requirements for electronic disclosures under Regulation DD, such as 
the requirement to send disclosures to a consumer's e-mail address (or 
post the disclosures on a Web site and send a notice alerting the 
consumer to the disclosures). The Board stated in the proposal that it 
no longer believed that these additional provisions were necessary or 
appropriate. The Board noted that electronic disclosures have evolved 
since 2001, as industry and consumers have gained experience with them, 
and also noted concerns about e-mail related to data security, identity 
theft, and phishing.
    The consumer group commenters urged the Board to require the use of 
e-mail to provide required disclosures in electronic form, arguing that 
e-mail is the only reliable way to ensure that consumers are able to 
actually access, receive, and retain disclosures. The consumer groups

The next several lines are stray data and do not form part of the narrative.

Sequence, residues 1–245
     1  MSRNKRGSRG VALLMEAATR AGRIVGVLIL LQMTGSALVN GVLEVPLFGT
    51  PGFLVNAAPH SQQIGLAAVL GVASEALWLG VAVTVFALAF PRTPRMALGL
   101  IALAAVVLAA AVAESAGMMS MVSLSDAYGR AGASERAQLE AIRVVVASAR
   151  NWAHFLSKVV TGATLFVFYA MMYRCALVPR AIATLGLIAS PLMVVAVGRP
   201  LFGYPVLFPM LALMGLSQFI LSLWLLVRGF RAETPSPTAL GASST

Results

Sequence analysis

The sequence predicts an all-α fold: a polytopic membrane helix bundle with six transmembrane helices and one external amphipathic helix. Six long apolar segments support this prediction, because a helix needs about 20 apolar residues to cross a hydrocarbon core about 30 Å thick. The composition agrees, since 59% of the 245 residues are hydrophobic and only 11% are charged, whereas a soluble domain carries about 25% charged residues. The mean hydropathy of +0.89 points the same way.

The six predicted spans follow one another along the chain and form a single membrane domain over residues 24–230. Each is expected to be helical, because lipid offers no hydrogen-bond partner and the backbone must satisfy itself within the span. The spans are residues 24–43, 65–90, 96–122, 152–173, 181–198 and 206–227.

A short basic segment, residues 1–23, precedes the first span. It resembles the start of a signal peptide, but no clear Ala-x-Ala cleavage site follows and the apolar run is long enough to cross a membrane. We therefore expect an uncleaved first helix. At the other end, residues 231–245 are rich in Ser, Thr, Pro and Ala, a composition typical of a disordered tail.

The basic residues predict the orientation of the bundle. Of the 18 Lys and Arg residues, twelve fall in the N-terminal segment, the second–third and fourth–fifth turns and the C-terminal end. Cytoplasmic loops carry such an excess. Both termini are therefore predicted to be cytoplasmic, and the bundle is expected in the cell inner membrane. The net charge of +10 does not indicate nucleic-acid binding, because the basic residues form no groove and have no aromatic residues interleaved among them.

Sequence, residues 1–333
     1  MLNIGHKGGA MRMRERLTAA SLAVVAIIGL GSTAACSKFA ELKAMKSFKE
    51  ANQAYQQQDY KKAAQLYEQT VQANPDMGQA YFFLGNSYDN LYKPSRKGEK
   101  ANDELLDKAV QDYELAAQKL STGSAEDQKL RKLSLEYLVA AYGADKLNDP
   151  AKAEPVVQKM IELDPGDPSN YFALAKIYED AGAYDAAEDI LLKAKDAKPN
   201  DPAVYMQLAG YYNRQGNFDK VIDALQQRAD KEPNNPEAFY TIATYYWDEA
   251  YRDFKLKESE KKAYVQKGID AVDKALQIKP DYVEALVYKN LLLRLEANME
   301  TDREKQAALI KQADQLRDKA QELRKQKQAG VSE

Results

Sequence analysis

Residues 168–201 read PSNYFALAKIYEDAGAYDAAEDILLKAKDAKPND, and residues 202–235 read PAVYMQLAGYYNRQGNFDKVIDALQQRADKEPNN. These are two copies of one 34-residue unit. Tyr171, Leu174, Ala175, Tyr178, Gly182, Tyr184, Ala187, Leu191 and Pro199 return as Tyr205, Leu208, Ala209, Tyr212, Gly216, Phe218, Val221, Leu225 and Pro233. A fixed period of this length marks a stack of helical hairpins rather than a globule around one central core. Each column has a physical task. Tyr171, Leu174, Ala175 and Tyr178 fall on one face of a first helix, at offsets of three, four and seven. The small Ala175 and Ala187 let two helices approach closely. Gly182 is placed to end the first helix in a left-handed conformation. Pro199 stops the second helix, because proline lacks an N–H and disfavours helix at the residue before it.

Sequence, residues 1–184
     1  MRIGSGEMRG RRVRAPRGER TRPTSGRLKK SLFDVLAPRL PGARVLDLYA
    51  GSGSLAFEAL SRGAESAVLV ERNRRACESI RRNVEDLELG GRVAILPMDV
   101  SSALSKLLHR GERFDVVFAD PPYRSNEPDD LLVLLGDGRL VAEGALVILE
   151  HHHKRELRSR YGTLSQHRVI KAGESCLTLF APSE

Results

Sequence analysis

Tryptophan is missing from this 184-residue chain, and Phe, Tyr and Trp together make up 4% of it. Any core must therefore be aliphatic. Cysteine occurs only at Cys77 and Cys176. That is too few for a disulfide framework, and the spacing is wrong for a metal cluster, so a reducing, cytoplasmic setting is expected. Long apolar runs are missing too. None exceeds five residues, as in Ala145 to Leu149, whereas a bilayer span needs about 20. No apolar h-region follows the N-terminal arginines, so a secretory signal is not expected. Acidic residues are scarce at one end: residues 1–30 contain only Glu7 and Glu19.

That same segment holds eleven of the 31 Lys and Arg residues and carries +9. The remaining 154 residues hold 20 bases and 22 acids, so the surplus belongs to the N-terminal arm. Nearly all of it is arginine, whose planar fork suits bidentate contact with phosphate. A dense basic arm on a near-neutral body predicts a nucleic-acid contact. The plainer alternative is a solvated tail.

also disagreed with the statement that concerns relating to phishing, 
identity theft, and data security are a valid reason for not requiring 
the use of e-mail, noting that phishing involves gathering information 
from the consumer, while disclosures would be provided to the consumer, 
and need not include sensitive information.
    While the consumer's receipt of an e-mail message that is actually 
from the consumer's depository institution would not in general pose a 
security risk, consumers might ignore or delete e-mails from depository 
institutions (real or purported), in order to avoid falling victim to 
fraud schemes. Thus, disclosures sent by consumers' depository 
institutions may not receive the attention they should. Consequently, 
some depository institutions may be reluctant to communicate by e-mail. 
To the extent consumers are instructed not to ignore electronic mail 
messages from their depository institutions, the risk of consumers 
being victimized by fraudulent e-mail might be increased. In any event, 
the Board believes it is preferable not to mandate the use of any 
particular means of electronic delivery of disclosures, but instead to 
allow flexibility for institutions to use whatever method may be best 
suited to particular types of disclosure (for example, account-opening,